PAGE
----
My nephew was recently given a going away party by one of his former high school teachers, as he will soon be attending the University of Oxford for his masters degree. The send-off, held in an old, well-maintained log cabin in a historical part of town, was attended by many of the family members and familiar friends that have always been a part of our small, friendly community. There were pictures from the past on the tables and the stony hearth; lots of smiles and laughter, delicious confections, plenty of nostalgic atmosphere, and sentimental stories told by teachers who helped to influence Casey’s life during all of his growing-up years. Thinking back to his past made me remember an unusual situation that happened one Halloween night- long, long ago. . .
My sister pulled into the parking lot of her church, to take in some of that night’s much anticipated fall festival; after a somewhat brief time of trick-or-treating with her son, Casey, when he was three years old. (She had earlier taken off his awkward and bulky little bumble bee suit, so that she could put him in his child seat.) Casey’s mom got out and opened the back door of the car, unhooked her cute little tyke from his safety device, and hurriedly dressed him- so that they wouldn’t miss any more of the festivities than they already had. She lovingly held his tiny hand as they walked down the sidewalk and through the side door of the church- past many people- in order to eventually make it to the activity building, where a large and mirthful crowd was gathered inside for fun and games.
Casey’s bumble bee costume was a fat, round orb, with black-and-yellow stripes, which covered him from his little neck down to the top of his two little legs. It had a black, cone-shaped stinger about a foot long that stuck out in the back where his little bottom was; as well as little black leggings, little black shoes, long black sleeves covering his two little arms, and two cute little antennae that stood straight up on the top of his cute little head. His chubby little cheeks were painted with a couple of rosy circles, along with a little black bee nose. He carried his tiny little pumpkin bucket, full of candy, as he bounced alongside his mom.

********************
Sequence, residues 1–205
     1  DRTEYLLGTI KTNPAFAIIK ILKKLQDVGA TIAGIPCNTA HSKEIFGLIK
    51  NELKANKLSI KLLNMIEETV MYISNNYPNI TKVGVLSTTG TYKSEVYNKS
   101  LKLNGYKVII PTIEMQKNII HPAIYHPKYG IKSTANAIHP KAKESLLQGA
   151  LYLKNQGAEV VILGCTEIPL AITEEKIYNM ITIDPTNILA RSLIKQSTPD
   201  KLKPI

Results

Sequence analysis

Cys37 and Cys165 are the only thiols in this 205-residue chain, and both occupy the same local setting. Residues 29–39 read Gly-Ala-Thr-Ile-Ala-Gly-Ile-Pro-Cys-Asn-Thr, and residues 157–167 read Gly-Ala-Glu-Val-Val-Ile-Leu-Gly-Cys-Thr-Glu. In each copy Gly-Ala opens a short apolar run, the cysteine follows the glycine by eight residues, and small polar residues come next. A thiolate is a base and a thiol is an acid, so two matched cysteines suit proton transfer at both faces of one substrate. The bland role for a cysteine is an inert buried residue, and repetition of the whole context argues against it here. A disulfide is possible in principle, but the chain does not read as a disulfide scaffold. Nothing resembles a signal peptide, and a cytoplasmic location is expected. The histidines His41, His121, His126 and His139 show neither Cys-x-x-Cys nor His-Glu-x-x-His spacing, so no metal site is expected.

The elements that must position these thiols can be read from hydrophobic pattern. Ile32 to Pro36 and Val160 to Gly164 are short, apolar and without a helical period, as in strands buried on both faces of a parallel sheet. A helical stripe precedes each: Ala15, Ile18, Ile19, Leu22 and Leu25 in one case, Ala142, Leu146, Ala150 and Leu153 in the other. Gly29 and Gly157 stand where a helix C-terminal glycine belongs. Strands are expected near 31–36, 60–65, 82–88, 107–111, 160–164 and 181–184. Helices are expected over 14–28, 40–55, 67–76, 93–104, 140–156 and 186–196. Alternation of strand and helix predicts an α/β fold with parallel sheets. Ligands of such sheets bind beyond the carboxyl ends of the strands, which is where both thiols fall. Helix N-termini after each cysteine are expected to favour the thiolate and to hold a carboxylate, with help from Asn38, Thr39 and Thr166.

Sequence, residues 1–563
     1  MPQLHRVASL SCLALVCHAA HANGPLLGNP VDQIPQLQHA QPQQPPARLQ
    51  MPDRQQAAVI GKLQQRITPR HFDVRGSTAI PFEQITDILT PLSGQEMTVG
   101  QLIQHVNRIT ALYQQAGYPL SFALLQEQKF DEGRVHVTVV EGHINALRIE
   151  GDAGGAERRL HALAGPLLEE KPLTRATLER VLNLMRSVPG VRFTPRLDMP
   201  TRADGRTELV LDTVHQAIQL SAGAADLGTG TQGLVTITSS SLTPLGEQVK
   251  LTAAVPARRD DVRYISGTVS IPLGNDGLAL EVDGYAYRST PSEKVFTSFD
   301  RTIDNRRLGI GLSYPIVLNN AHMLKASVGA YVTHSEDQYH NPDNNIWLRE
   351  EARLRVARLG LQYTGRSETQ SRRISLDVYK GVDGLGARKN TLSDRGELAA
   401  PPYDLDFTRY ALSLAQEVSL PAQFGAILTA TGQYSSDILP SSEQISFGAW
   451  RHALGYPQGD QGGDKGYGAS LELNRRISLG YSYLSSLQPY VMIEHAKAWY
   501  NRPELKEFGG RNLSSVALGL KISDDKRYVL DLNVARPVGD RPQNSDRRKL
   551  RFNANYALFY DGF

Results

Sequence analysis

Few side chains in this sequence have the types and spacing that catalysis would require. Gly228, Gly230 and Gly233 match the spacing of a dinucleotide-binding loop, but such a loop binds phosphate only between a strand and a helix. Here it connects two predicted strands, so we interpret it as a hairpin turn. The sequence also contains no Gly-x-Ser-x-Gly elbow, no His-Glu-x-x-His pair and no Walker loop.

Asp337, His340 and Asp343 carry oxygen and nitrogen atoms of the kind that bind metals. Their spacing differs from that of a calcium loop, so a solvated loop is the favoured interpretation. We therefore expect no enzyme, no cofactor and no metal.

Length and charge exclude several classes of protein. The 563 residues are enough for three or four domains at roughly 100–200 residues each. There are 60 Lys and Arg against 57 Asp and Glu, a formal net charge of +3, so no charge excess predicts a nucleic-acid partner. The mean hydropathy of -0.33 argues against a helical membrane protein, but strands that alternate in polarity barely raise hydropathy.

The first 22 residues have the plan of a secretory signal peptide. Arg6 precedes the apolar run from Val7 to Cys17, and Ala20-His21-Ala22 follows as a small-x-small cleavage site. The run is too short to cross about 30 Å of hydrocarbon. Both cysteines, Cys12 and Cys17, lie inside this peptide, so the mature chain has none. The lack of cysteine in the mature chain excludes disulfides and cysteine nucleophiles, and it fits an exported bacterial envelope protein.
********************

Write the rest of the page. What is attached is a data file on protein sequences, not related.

My sister soon started to notice that she and her son were getting many odd stares, concerned looks, and awkward smiles- even a few snickers- as they moved through the meandering church crowd toward the activity building. She shook several hands along the way and said the usual pleasantries; but everyone she met and spoke with seemed to make a point not to look down at the bee. Then, when the two finally got inside the gym where the games (and even more people) were, they met the pastor’s wife walking toward them, as she carried in her arms an overstuffed box-full of unneeded, tangled streamers. Her mouth dropped as she stopped dead in her tracks. “What is he suppose to be?”she asked, with a bit of uncomfortable surprise in her voice.
“A bee,” said my sister, thinking it was obvious.
“Really?” was the confused and concerned reply from the wife of her pastor.
Casey’s mom then looked down at the little person whose hand she held. She immediately reacted with shock at what she saw. For you see, in the earlier darkness out in the parking lot, when she rushed and struggled to cram the bee suit over her son’s head, and stick his arms and legs through, she had inadvertently put the darn thing on backwards. The unfortunate and unforgettable result was that she’d unknowingly just paraded her son through the church, in front of hundreds of people; with his disproportionately long bee stinger sticking straight out in front, instead of the back where it was suppose to be! Picture it- quite a disturbing (albeit amusing) image at a church fall festival. Obviously, the little bee made a big impression that night.
Casey has been making big impressions ever since, ones that are more meaningful than what an ill-positioned stinger could ever do. His academic achievements are second to none. He has a creatively fertile mind. He has a terrific and respected work ethic. He has a fun-loving, caring personality.
He’ll be missed by all that know him, for the year that he will be gone away to England. Sometimes it just has to be that way, when you’re getting trained to make a difference- a little hometown bee, taking on the world. . .